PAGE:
Document Type

Article

Date of Original Version

7-2-2014

DOI

10.1016/j.progress.2013.11.002

Abstract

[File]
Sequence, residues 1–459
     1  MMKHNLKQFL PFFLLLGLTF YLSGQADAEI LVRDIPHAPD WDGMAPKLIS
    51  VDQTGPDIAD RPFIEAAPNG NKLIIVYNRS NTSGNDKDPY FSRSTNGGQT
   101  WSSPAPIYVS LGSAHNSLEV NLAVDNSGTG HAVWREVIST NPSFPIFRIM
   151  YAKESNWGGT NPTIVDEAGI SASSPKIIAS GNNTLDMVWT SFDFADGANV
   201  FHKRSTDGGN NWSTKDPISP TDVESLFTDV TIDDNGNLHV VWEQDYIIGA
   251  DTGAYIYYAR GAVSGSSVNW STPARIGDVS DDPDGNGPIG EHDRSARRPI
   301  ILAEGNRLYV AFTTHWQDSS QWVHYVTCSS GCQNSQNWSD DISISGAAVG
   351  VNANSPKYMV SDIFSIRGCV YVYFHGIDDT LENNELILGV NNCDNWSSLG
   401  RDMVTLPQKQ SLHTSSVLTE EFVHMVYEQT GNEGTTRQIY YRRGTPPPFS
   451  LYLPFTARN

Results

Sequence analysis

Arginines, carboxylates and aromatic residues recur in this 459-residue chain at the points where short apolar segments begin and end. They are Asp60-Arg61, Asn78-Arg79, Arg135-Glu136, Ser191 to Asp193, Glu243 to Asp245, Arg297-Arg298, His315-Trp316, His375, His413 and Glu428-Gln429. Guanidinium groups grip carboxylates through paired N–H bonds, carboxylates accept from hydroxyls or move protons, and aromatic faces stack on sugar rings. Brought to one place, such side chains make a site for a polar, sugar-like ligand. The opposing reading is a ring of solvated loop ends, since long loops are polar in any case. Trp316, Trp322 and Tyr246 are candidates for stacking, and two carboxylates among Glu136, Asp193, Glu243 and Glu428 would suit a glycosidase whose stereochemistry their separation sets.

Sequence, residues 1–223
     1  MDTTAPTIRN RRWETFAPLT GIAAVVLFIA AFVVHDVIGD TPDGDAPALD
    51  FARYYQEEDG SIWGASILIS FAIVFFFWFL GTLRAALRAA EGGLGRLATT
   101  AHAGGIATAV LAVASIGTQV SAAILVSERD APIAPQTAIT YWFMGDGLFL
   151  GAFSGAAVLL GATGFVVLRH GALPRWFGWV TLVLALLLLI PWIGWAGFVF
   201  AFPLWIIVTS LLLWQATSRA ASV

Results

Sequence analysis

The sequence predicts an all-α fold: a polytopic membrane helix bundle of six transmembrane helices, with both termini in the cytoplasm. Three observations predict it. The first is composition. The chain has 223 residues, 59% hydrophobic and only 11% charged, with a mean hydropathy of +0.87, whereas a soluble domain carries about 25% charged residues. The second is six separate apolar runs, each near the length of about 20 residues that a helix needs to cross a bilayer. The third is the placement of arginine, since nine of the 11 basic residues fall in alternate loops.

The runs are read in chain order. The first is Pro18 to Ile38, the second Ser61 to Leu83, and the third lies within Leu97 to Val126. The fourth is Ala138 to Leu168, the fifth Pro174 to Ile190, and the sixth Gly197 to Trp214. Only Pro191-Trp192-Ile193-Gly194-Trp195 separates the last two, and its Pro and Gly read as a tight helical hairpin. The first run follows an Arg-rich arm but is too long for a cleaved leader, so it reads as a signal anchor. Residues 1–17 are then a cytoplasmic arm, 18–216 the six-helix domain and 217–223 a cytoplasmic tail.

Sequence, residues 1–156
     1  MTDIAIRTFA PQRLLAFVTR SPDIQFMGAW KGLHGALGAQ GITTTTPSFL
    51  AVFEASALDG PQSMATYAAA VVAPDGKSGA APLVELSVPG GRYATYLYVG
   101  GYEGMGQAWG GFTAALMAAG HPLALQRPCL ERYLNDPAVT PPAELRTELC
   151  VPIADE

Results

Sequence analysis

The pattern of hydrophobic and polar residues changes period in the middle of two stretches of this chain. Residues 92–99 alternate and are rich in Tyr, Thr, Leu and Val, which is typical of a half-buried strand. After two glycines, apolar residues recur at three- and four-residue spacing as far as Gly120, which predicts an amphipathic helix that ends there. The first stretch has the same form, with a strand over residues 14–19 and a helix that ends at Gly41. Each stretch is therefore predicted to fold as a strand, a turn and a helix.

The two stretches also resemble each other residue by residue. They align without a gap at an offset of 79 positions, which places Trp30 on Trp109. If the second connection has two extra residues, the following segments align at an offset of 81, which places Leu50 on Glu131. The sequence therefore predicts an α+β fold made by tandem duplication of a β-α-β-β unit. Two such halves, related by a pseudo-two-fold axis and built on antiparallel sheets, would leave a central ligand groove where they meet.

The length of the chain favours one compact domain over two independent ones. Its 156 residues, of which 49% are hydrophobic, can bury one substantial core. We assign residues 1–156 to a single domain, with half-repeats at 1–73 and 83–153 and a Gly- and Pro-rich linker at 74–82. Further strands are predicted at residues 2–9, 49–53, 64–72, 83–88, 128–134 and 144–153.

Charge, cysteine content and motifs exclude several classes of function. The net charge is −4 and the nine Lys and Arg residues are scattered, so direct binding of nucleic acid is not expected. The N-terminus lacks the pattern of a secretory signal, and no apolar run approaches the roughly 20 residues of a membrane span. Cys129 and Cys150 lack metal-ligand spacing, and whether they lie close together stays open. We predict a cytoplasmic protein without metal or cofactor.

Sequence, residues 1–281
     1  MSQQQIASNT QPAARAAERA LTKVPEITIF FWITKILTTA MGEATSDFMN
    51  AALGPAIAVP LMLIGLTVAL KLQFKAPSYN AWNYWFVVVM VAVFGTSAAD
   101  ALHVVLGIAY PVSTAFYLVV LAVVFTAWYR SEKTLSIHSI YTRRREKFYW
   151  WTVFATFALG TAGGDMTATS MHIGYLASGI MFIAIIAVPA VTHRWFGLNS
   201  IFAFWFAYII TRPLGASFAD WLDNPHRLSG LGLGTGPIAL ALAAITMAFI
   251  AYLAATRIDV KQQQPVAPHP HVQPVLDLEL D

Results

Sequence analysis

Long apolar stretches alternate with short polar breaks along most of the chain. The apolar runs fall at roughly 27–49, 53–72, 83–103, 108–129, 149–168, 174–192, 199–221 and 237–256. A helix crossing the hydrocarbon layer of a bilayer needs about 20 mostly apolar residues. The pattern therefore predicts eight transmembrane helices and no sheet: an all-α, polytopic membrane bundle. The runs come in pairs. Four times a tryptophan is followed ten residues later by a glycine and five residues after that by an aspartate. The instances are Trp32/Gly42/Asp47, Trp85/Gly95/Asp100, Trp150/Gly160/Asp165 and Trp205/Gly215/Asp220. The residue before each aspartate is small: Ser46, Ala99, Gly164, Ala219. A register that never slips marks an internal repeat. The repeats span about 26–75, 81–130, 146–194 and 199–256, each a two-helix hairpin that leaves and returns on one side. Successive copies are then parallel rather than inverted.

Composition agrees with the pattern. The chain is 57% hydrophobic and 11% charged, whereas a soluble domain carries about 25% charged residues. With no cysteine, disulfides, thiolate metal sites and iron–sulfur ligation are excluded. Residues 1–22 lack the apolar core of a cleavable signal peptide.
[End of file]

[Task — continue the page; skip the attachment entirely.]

A growing body of research indicates that climate change is having and will continue to have a range of negative impacts on social–environmental systems. Reducing the vulnerability and increasing the resilience of these systems has thus becomes a focus of research, disaster planning, and policy-making. Seaports, located in environmentally sensitive, high-risk locations, are particularly vulnerable to severe storms and the increased sea levels resulting from such climate changes. Planning and policy making must therefore consider the human factor, that is the population potentially vulnerable to climate change induced events and also the complex network of stakeholders that depend on their functionality. An increasing body of literature suggests that, for planners to be effective in increasing resiliency of social-environmental systems to climate change-related events and other hazards, they must understand and incorporate the perceptions and concerns of the stakeholders in their assessment and planning processes. This study uses empirical evidence collected through case studies of two particularly exposed ports: Gulfport (MS) and Providence (RI), in order to examine how port stakeholders such as port operators, municipal planners, port tenants, coastal managers, perceive storm impacts and the seaport's vulnerability, and how their planning and policy making address these perceived concerns. Results suggest the following: (1) Port stakeholders of Gulfport (MS) and Providence (RI) identified a wide range of direct damages, indirect costs, and intangible consequences of a hurricane hitting the port; (2) these impacts would result in costs that would be borne by all port stakeholders as well as society as a whole; and (3) in Providence and Gulfport, plans and policies that address storm resilience for the ports did not include the concerns of many stakeholders.

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